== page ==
Design democracy and technology mean our cities will be shaped by citizens rather than authorities in the future, thus they will be less ordered and more like giant works of art. Come on, embrace the mess.
Visions of the future of the city have been disseminated through the media of literature and film and through the communications of futurologists, utopians and dystopians of every variety and of each epoch. In these visions, technology and the future of the city are always intertwined and that is a necessity if the city is to become a concrete reality.
But what is missing from all these visions and is emerging today is a central and co-creator of the city – the empowered citizen. I’m not talking about individuals who admirably work towards a more sustainable building or a greener city, but of a democratic commitment and openness in which the tools of design give each citizen a stake in actual decision- and form-making of the city. The city, therefore, will no longer be one with an “authoritative centre” but it will have a structure as “messy” as democracy itself.
The city will no longer be simply linear and causal, but will have a communicative structure shaped by differences, individualities and irrationalities. The city will change from within rather than from a plan imposed from above. The form may very well appear to be a distortion, a wrenching and twisting away from what is already there.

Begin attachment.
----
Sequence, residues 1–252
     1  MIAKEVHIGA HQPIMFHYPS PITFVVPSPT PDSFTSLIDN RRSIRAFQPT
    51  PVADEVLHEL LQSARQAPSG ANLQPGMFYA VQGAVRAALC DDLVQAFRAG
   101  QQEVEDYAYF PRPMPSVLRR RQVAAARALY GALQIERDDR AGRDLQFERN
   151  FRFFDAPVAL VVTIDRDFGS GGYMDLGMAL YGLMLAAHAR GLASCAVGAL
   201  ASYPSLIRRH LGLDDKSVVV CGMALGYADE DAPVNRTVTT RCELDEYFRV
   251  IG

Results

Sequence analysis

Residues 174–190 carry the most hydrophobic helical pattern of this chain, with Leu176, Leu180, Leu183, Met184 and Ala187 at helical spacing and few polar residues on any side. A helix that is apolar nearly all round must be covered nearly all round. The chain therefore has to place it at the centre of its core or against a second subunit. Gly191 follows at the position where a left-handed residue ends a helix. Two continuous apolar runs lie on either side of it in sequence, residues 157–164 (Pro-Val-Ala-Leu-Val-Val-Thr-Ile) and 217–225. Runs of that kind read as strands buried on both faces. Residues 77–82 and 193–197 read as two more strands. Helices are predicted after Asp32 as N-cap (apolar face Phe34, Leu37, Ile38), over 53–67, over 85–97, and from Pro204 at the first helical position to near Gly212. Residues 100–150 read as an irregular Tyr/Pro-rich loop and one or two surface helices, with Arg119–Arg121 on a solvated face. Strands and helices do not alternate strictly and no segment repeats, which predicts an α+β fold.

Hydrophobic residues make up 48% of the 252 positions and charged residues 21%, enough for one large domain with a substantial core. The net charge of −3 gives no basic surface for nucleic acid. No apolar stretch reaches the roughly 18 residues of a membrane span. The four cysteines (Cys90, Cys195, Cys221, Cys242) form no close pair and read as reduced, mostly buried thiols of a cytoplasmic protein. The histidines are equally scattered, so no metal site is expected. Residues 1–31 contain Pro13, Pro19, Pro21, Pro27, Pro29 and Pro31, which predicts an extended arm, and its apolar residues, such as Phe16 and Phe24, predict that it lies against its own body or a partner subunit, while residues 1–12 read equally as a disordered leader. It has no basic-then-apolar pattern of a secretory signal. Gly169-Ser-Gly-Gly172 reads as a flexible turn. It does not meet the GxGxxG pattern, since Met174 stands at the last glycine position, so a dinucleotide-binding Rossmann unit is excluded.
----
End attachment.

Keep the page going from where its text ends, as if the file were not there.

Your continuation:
The information and communications technology so different from the mechanical models of the 20th century will dissolve uniformity and apparent order in terms of spatial geometry. Technical and rational thinking will become so advanced that it will incorporate the unknown quantity – the emotional.
In the future the city will be seen as a work of art, and like art it will appear as a chaos of overlapping and competing visions, where liberty will replace the old western and Eurocentric models of order.
This article originally appeared in Monocle’s What next? series of essays. Monocle asked 25 leading thinkers, authors, taxi drivers and monarchs to look at the world just over the horizon. From the joys of national dress to the need for a new religion, this is what they saw.
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